And Geo art might have caught on big time—if Boshier had stuck with it for more than a year: “I’ve always shifted about. Pop was finished for me in 1962. I use the medium that best suits the idea. It’s as simple as that.” Simple or not, in the puritanical ’60s art world, Boshier’s flexibility and curiosity were perceived as fickleness, or worse: “When I stopped painting, some guy came up to me and just said, ‘You. Fucking. Traitor!’”
In 1966, oblivious to whatever pigeonholes his public wanted to plug him into, Boshier declared, “Painting has become an inadequate vehicle to contain my ideas and experience,” and began exploring a variety of more challenging and up-to-date vehicles, beginning with a series of gigantic minimalist Plexiglas-and-neon sculptures, which literally took the illusionistic geometric forms of his Geo art into a new dimension.
Within a couple of years, Boshier was mocking the mythic universality of such monumental primary structures in a tour-de-force photo-conceptualist series (also presented as an installation and published as a book) entitled 16 Situations
, 1971. In it, a pair of minimalist geometric forms—an empty cube with a solid rectangular cuboid standing upright next to it—are inserted via darkroom magic into a variety of loaded contexts, radically altering the piece’s scale and significance.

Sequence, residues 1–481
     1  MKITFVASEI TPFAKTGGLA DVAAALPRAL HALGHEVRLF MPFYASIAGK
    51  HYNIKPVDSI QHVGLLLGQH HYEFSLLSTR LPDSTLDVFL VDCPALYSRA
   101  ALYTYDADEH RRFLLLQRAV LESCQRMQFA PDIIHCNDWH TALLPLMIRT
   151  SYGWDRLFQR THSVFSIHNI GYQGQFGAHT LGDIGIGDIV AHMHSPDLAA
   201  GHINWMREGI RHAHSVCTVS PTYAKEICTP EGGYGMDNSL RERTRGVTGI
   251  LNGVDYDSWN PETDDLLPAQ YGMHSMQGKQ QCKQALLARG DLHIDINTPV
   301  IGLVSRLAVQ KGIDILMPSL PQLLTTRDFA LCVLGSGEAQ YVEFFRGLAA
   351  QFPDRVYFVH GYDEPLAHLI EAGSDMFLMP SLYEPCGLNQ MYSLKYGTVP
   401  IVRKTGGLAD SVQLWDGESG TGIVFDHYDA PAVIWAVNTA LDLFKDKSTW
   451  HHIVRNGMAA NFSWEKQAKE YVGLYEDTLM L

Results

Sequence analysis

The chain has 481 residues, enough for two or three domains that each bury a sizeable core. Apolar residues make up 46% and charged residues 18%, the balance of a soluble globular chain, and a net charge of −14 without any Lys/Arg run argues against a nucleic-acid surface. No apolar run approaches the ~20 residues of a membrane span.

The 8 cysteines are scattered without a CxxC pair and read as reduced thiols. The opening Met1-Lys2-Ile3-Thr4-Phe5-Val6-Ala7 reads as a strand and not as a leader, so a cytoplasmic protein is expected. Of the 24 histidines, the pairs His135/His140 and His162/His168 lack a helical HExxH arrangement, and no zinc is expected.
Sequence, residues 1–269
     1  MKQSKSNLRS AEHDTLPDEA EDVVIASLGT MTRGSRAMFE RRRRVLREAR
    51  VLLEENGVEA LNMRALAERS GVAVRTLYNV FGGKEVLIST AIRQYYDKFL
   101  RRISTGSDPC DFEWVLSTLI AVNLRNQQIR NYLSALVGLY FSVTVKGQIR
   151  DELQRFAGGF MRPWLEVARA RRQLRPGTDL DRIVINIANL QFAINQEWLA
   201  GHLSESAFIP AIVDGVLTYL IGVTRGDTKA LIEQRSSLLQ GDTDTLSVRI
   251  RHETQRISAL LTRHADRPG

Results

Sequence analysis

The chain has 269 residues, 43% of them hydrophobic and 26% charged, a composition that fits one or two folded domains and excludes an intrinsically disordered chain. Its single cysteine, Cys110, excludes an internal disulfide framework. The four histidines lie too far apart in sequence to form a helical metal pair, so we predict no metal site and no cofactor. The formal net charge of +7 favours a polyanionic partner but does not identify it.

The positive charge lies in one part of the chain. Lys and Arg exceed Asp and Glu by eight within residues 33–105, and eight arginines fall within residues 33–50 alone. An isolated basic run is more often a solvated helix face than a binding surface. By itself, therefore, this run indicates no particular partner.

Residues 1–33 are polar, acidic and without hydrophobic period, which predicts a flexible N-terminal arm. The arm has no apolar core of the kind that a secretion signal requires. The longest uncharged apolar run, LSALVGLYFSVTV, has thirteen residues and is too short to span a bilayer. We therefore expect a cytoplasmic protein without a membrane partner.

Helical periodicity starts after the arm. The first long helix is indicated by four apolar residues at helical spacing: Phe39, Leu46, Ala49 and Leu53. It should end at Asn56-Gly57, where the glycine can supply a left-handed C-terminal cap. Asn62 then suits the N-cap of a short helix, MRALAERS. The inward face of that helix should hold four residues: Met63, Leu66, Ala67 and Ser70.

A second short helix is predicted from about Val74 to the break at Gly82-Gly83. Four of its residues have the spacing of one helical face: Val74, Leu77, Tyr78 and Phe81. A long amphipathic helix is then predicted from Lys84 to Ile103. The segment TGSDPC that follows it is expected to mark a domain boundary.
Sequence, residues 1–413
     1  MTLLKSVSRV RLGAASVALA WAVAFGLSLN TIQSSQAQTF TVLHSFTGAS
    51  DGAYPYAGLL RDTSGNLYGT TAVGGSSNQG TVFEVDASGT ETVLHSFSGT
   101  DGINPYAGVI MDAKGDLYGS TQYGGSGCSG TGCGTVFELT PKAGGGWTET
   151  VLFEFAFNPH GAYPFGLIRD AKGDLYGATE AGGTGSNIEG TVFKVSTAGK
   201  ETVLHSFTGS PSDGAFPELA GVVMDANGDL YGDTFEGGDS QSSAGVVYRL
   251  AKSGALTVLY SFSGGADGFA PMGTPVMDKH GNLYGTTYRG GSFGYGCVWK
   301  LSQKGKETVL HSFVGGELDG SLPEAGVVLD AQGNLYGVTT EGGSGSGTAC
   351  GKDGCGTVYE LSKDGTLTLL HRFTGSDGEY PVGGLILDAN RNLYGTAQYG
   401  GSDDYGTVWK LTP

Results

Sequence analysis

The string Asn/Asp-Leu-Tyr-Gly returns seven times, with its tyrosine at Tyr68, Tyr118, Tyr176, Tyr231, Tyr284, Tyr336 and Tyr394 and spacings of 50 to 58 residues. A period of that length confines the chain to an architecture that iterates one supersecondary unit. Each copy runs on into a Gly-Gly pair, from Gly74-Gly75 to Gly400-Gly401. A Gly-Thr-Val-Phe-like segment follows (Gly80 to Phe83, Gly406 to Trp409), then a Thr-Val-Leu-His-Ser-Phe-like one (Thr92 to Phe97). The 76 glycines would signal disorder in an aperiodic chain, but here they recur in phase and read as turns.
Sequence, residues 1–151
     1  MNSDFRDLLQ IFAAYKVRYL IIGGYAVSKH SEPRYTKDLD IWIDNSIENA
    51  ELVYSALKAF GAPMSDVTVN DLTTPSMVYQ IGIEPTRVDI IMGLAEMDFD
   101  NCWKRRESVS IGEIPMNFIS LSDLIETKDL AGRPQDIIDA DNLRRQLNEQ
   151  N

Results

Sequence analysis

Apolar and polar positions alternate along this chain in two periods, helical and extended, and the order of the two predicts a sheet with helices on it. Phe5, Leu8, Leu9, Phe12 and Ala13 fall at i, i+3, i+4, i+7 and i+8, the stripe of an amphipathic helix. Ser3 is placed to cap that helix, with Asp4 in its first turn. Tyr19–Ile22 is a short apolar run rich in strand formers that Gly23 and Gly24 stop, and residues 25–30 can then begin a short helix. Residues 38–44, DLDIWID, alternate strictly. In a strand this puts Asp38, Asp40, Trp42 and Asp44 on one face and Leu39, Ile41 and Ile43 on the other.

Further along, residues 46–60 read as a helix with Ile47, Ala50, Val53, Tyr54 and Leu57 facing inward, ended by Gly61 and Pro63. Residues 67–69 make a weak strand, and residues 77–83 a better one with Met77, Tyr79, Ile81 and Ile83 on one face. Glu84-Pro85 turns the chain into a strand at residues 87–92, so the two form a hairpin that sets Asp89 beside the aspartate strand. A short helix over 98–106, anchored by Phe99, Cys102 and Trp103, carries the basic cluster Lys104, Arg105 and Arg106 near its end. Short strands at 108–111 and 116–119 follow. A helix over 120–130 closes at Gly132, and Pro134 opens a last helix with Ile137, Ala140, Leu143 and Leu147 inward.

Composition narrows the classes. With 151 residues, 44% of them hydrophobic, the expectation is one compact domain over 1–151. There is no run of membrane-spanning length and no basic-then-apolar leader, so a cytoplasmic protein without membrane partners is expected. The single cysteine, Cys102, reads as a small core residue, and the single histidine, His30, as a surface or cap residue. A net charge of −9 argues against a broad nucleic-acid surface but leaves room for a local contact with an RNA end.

The sculptures are variously depicted nestled on a 1950s ladies’ night table, perched on a hillside seen through an industrialist’s office window, dwarfed by a mosquito dining on what appears to be a human arm, and enclosing Gilbert & George in the midst of their famous performance-installation The Singing Sculpture,
1969. In spite of its being blatantly ripped off by Hipgnosis for the cover of Led Zeppelin’s Presence
, it remains unmatched as a simultaneous homage and piss-take on the high seriousness of late modernism.
The same year (1971), Boshier published (under the anagrammatic pseudonym Roderick Beesh) the over-the-top psychedelic children’s book How Hudson Saved Rock City
, which tells of the epic battle between the peppermint stick–shaped Rockmen and their attempts to defend themselves from the ravenous Tonguemen by deploying vast quantities of mustard, the word mustard, and the color yellow. Apart from its Kosuthian overtones, Hudson’s spectacular illustrations testify that Boshier’s renunciation of painting had more to do with that medium’s cultural baggage than with any withdrawal from visual indulgence.